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Explore the Entrepreneurship.org Resource Center to find resources. Designed with entrepreneurs in mind, our resource center allows you to find materials to grow great ideas.
We've handed the keys of eMed over to Zen Chu and the team at H@cking Medicine.
At the Kauffman Foundation, we recently announced a grant to a group that is trying to map and track where startups are around the world. The project--Startup Genome--is working "to build the most complete and accurate database of the world's startup communities, present it in useful, beautiful ways and provide tools and reports that community builders can use to gain insight into what's happening in their community. And make better decisions about how to grow it."
The Anatomy of an Entrepreneur provides insights into motivation, education and family history of startup founders. The research also shares views of those founders on determining success of new companies.
Life science entrepreneurs at the Life Science Ventures Summit are set to gain valuable knowledge this weekend from those in the know. Read more about this event for life science entrepreneurs.
Last week the FCC unveiled recommendations for using broadband to advance key national priorities. The plan, which can be read here, identifies the top priorities as:
• Creating jobs and economic opportunity
• Improving healthcare and controlling costs
• Providing more educational opportunities and improving outcomes
• Promoting energy independence and efficiency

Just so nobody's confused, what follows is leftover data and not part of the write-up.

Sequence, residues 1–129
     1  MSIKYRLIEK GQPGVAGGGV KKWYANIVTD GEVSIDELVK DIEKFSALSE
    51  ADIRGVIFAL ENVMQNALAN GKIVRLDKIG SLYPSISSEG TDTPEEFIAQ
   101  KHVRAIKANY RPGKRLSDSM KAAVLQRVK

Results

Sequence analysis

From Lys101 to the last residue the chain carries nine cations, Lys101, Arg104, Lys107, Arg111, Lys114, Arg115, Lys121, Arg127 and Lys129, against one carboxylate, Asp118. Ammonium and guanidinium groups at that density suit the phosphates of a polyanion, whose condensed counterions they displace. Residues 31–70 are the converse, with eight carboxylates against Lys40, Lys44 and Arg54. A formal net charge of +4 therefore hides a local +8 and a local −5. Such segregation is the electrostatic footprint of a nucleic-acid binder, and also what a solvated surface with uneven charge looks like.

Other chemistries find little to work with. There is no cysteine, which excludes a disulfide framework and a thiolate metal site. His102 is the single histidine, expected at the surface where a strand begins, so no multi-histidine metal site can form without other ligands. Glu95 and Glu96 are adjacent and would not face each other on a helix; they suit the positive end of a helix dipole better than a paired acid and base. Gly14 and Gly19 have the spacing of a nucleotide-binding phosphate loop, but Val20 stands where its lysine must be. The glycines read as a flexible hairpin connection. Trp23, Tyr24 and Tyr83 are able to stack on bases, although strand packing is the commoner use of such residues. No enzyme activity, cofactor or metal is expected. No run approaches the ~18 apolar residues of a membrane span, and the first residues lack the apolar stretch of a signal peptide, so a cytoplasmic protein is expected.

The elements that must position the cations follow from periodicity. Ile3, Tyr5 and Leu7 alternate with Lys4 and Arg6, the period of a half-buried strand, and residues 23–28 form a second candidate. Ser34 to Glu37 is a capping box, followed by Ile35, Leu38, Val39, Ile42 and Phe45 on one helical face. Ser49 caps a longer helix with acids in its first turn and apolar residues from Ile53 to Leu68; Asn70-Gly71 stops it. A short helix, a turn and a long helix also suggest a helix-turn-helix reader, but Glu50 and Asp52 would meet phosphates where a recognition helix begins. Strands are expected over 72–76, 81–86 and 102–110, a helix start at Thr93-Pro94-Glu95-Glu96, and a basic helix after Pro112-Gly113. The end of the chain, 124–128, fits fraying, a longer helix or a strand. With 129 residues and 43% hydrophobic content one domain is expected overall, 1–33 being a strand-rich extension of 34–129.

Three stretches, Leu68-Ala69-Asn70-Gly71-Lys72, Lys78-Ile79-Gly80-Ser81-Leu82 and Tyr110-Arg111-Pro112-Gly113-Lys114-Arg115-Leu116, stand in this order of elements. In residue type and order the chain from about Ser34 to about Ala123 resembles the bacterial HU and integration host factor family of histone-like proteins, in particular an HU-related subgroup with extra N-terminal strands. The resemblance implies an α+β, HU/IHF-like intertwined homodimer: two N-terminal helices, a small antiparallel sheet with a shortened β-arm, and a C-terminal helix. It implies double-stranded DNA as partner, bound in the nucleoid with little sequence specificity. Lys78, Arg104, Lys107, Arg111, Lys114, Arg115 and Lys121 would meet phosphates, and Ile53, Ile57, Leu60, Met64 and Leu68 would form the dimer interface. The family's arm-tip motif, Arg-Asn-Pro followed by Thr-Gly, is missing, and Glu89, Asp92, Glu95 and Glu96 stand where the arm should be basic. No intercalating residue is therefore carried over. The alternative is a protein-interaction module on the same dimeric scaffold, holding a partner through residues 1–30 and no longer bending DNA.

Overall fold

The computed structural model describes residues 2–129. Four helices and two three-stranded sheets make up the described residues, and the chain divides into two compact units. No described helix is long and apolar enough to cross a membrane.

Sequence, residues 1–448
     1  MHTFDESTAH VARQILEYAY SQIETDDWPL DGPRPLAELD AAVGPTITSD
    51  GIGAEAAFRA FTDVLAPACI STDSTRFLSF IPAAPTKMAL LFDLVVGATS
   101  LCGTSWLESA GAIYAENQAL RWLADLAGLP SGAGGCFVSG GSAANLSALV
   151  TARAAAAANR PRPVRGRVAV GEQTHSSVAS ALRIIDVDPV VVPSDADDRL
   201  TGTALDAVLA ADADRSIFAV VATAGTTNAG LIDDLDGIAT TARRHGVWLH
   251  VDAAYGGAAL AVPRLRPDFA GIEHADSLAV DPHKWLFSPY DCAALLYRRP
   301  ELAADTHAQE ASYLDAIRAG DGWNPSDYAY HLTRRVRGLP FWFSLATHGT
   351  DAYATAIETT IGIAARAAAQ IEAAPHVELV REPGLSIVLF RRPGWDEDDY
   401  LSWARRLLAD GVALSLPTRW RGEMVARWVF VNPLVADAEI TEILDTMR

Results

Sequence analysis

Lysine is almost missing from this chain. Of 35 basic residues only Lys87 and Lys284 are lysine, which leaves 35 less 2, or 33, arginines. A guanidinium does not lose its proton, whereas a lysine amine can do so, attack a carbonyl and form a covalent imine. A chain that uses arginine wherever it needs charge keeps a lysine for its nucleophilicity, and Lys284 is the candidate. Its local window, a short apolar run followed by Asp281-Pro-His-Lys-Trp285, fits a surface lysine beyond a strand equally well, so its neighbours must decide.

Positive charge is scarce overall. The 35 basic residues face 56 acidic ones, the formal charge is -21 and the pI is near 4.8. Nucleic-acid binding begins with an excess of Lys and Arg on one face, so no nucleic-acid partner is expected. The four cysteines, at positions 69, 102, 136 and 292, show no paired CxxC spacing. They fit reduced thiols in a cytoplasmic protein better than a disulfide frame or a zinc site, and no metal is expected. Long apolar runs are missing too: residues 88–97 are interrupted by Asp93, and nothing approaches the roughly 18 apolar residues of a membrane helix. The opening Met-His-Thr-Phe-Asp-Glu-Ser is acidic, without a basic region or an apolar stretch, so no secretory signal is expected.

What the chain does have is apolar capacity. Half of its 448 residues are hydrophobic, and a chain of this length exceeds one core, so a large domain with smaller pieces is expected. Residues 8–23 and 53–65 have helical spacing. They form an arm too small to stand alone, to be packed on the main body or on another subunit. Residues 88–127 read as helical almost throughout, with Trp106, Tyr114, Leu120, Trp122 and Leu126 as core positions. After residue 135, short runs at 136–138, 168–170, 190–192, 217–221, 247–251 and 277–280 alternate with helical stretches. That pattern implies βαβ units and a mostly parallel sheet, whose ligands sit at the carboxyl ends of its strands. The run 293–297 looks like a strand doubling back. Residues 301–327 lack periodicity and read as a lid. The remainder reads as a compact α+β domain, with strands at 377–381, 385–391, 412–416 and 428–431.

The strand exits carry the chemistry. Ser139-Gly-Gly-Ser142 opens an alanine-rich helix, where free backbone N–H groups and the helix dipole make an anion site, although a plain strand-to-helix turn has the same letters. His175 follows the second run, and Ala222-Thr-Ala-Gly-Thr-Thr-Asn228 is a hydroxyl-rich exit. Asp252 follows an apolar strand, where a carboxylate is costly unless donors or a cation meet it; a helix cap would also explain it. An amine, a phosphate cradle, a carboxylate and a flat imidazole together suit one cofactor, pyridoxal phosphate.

Long understood to be the engine of the U.S. economy, the world is embracing entrepreneurship as one of the primary means of building a long-term recovery. Ironically, for this spreading global fervor to make a sustainable impact, the world of entrepreneurship must shrink.
At age 25, Laura Sanko was a founding member of a startup that raised $3.5 Million from some world-famous investors and the Founder’s Fund. The business model was simple: a website that rented high-end jewelry for special occasions for a fraction of the retail value of each piece. Three years later, the investment money was all gone and while the site continued to operate, it had failed to meet the investors’ expectations. I sat down with Laura to figure out what went wrong.
Adam Berk had a vision of creating an online library where neighbors could borrow tools and electronics from one another. Why buy a fancy camera you only needed to use once for a big trip? Why invest the money in physical tools for a home remodeling project if you are never going to need them again? Adam and his best friend Dave spent 5 years creating this utopian community, neighborrow, powered by a new form of currency. Their business model was to eventually white label the product and sell it to large apartment buildings and others who wanted to facilitate a borrowing community. But they never achieved their vision.
Leaving presentations to chance is like embarking on a trip without a map (hat tip to Amanda Schnieders for the metaphor). If you don't know where you're headed and how you'll get there, you may not reach your destination.
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